I learned the importance of assessments and why they are so valuable for my personal growth and development. Without them, I really wouldn’t have the self-awareness that I do now as a result of the program. Receiving assessments helped me realize how my actions were received by others, and what kind of an interpretation was created as a result. I can now integrate this learning into my personal and professional life by shifting my presence in a room or changing the way I deliver a project idea.
At first, I found it difficult to deliver assessments without the “fluff” or positive comments, to avoid diminishing the presenter’s self-esteem. However, I have learned as an Emerging Leader, how important it is to seek honest, valuable assessments, and not just the “good ones.” As a leader, I want to continually grow, and this requires exposing my “weaker” areas that I may need to work on or develop.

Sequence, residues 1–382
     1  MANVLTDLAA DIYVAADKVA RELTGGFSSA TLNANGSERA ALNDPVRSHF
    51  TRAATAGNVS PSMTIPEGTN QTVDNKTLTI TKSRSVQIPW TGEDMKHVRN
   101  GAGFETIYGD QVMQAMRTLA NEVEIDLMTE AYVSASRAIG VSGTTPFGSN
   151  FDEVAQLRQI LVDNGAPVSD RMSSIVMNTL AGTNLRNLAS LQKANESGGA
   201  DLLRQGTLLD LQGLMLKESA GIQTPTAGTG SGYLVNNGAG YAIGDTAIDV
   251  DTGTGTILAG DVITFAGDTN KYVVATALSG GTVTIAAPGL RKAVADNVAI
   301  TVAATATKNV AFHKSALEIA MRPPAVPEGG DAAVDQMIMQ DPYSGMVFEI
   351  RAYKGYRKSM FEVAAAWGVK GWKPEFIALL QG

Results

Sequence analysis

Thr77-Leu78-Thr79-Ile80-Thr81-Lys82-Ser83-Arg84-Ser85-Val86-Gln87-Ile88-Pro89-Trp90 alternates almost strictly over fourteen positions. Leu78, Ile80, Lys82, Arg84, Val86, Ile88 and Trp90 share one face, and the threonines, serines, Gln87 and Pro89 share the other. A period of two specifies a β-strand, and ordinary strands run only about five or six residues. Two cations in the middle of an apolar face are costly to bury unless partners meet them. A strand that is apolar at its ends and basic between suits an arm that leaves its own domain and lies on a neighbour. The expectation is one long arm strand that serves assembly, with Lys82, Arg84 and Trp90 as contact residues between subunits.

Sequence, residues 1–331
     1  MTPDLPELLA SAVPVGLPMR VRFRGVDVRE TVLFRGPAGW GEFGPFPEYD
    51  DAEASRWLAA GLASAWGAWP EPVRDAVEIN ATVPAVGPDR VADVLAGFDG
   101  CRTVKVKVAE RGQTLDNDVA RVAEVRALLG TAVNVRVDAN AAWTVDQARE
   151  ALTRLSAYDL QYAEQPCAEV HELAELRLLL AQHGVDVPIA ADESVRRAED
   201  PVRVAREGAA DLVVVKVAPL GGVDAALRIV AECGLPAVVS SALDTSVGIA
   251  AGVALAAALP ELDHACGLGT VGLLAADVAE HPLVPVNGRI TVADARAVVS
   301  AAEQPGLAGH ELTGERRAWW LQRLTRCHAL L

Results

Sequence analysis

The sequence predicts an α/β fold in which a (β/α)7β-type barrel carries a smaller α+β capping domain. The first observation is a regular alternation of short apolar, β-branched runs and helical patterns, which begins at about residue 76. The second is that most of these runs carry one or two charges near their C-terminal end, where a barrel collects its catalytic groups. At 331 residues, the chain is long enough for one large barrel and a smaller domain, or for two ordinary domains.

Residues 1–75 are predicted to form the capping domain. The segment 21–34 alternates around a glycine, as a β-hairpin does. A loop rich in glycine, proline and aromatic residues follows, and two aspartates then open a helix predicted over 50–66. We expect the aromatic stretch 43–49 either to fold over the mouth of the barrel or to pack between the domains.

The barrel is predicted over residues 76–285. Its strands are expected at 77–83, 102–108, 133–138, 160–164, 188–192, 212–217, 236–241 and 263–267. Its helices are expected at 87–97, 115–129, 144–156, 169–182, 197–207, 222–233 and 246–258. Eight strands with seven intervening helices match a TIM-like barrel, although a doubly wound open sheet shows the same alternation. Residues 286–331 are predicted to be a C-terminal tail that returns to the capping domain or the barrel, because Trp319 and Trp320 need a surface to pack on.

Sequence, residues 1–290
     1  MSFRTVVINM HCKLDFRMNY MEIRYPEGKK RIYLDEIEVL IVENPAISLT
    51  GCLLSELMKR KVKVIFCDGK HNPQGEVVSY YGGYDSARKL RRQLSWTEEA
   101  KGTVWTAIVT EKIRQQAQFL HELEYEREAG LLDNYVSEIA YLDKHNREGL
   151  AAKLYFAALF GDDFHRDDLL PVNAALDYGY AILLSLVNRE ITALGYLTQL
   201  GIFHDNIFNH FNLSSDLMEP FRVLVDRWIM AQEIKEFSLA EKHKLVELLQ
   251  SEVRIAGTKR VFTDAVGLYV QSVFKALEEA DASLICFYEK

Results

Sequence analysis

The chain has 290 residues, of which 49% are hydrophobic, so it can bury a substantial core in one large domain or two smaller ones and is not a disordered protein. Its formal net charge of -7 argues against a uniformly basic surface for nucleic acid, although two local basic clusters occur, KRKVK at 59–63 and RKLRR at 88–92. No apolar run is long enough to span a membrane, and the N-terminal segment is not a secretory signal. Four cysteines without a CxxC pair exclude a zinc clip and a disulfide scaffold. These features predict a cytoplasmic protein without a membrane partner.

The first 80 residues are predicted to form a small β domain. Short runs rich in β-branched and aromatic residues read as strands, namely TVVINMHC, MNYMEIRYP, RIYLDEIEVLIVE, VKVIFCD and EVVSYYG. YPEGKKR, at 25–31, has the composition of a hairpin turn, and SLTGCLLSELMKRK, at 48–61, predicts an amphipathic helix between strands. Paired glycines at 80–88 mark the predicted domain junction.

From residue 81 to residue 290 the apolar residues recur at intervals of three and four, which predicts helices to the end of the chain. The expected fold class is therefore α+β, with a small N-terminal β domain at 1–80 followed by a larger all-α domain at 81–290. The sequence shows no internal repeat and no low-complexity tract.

Before jumping into our presentations, we asked our audience to specifically focus on certain elements of our presentation that we wanted direct feedback on. This allowed me to hear different perspectives and compare the feedback to my own self-assessment. Our self-assessments were just as important because we were able to gauge how we felt we did and why, and hear if the audience thought the same. My peers told me I had a confident presence, even though my own self-assessment was that I didn’t think I felt that confident. This made me realize that I may be overthinking or over-analyzing my own internal nerves, whereas I never would have thought that before hearing others’ assessments. If I continue this behavior, it will only hinder my confidence and leadership growth, whereas if I am aware of the fact that I am over-analyzing, I can have more control to stop those thoughts and have more room for opportunity and growth.